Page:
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The paranoids were right ... sort of.

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Hi everyone, this is Leo Notenboom with news, commentary and answers to some of the many questions I get at askleo.info.

I think we all know someone, perhaps a family member, an acquaintance, or an employee, that takes some of our terminology just a little to literally. For example if you say that a program "blew up" - something us software geeks say all too often - there are folks who'll take that to mean that the computer literally exploded.

Computers are very mysterious devices to many, and yes, there are those who actually live in fear that there's something they could do by mistake that could cause their computer to blow up. For real.

So, with that in mind, I'd like to take a moment to thank Dell for feeding the paranoia this week.

A couple of months ago you may have seen photos circulating on the net of a laptop that had burst into flames.

Most folks reacting by saying, yes, that's cool and all that - stuff happens - but it's an anomaly and pretty darned unlikely.

But more reports came in ... culminating in this weeks action by Dell, who is recalling some millions of laptop batteries because of a manufacturing defect that could, in fact, cause the batteries to spontaneously burst into flames.

Great. Now all those folks who've been worrying that their computers could explode have a little more ammunition. Because, of course, they're right - it could happen.

There's still nothing you can do by simply using the computer or making a mistake to actually make it happen ... and yet, simply using the computer puts you at risk of it happening.

Thanks Dell.

Just when I'd convinced folks that using their computer was safe.

Now, to Dell's credit, they've provided full information on exactly what laptop batteries are involved in the recall at dellbatteryprogram.com - though for some reason it's a secure site, and the security certificate isn't recognized by my browser. Dell loses points for style on that.

So definitely go check your Dell's batteries. I've checked mine, and I'm not at risk of spontaneous combustion - at least not because of my battery.

I still need to check my wife's laptop.

Hopefully it won't explode before she gets home.

I'd love to hear what you think. Visit ask leo dot info, and enter 10628 in the go to article number box. Leave me a comment, I love hearing from you.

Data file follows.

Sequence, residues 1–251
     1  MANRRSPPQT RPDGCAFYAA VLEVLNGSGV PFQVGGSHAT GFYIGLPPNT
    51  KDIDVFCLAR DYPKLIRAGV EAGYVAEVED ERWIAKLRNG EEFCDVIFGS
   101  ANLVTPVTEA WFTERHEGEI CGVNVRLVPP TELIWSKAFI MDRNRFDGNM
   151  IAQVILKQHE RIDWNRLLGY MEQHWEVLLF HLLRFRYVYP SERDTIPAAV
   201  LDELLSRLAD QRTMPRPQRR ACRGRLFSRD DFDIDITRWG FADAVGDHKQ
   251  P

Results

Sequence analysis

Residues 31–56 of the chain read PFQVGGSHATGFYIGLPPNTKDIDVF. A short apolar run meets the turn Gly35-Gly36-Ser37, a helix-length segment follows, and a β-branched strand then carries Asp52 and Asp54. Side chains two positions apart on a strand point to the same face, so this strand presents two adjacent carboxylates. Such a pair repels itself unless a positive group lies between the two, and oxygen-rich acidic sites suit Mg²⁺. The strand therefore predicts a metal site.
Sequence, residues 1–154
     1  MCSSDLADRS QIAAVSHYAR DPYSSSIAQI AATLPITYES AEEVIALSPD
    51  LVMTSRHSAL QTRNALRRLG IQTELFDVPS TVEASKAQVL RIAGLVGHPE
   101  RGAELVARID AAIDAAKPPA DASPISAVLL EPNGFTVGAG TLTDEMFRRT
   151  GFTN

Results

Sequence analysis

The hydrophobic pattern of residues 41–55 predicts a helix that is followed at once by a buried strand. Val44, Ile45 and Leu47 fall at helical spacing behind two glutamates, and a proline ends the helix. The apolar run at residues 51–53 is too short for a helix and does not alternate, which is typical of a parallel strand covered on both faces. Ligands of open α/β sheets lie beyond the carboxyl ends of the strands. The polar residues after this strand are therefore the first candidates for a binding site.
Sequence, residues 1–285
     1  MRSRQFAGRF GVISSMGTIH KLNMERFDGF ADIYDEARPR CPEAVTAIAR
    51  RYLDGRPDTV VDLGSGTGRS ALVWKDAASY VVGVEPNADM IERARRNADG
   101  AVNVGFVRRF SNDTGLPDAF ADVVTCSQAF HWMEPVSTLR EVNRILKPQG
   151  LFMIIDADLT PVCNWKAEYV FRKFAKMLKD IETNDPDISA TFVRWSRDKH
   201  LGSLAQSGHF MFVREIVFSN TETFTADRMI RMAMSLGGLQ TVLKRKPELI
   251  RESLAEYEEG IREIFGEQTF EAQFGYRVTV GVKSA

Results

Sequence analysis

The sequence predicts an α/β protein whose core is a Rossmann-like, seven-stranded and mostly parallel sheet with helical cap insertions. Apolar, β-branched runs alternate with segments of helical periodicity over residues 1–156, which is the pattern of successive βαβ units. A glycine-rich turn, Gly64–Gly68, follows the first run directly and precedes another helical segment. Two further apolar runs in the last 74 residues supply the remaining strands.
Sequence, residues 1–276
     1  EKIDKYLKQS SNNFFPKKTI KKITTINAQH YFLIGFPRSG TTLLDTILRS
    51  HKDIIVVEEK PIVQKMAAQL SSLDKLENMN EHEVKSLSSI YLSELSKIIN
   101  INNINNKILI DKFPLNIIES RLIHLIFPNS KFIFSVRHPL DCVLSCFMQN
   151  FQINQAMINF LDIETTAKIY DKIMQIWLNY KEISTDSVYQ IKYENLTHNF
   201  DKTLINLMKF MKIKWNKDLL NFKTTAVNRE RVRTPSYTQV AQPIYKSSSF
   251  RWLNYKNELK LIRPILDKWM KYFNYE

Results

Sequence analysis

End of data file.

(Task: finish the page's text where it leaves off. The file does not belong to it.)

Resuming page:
This is a presentation of askleo.info, a free on-line technical question and answer service. Hundreds of questions and answers are online and ready to help solve your computer problems.

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Article C2758 - August 17, 2006 « »

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Leo Leo A. Notenboom has been playing with computers since he was required to take a programming class in 1976. An 18 year career as a programmer at Microsoft soon followed. After "retiring" in 2001, Leo started Ask Leo! in 2003 as a place for answers to common computer and technical questions. More about Leo.

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2 Comments
PG Wolfe
August 18, 2006 7:04 AM

I found Dell's response very timely..what disapppointed me was that my laptop battery was NOT listed among those being recalled. My battery only gives me about 30 minutes of usage before it requires a recharging. I thought the battery life was supposed to be better. Oh well, I'll keep searching on how to extend the life.

Robert Oschler
August 18, 2006 4:31 PM

Perhaps an animated music video parody on the exploding Dell laptop problem will lighten things up a bit? Especially if you like your dancing doomed Dell dirges to be spoofs on the famous Numa Numa video. Enjoy!:

http://www.spokenring.com/numa-numa-english.php

On a more serious note I agree that Dell is really dropping the ball when it comes to damage control on this one.

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